Connecting people who have much and need little... to those who have little and need so much.
Sunday, January 9, 2011
My 5 Senses in Haiti...
I have found that while in Haiti my 5 senses have never experienced so much. Here are some of the details:
Sight: * Seeing an elderly woman unable to walk, so she crawled on her hands and knees across a busy highway * Watching children sing and pray to us with their hands in the air and eyes closed as they belt out beautiful music * Seeing the colorful fruits and vegetables of Haiti at the open farmer's market lay across the tarps and blankets of the vendors, as well as their laps as they chop cabbage heads and peel open pea pods
Sound: * Constant honking of horns as drivers weave all around the rocky and bumpy streets of dirt as to warn of their passing as there are no street stripes, stoplights, or signage * Sounds of many babies crying as the visiting hours end for parents of very sick children who all lay the children down in their cribs at once * Sounds of the water trucks backing up and laying on the warning siren so that the people begin to line up with their buckets to receive their week's water
Smell: * The smell of burning plastic and garbage in the air as there is no garbage service anywhere * The smell of human waste all around the 'tent cities' as there is no sewage system * The smell of fresh Haitian fruit and coffee grown by the Haitian people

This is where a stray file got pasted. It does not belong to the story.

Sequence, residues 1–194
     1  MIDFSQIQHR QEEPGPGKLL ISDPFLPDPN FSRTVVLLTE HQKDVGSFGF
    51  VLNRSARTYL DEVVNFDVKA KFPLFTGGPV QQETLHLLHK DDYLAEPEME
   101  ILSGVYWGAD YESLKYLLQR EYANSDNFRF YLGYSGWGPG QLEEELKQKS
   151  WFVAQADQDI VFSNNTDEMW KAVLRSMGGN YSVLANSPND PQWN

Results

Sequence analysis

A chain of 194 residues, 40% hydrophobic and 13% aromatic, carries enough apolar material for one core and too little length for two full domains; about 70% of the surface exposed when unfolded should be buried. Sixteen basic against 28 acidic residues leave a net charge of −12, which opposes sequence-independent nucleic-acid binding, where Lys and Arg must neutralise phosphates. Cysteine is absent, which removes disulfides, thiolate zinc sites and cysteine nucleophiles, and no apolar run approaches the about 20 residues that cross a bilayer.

Touch: * The grasping hands of the children at the orphanages as you arrive and as you leave as they claim one of your hands and fight to keep others from it * The touch of the unpaved dusty & rocky roads slip under your feed as we walk the inclines and declines to our destinations * The touch of food on our lips as we eat our meals and snacks, while at the same time we are remembering the 5 year old we saw at Mother Teresa's Home who is literally starving to death and physically just skin hanging over bones
Taste: * The taste of the dust and dirt covering our lips from the constant haze of dust in the air that instantly covers us when we leave the house * The quenching taste of water after working hard all day, and then realizing that we ran out of drinking water for the people we were serving and seeing the unbelievable disappointment in their faces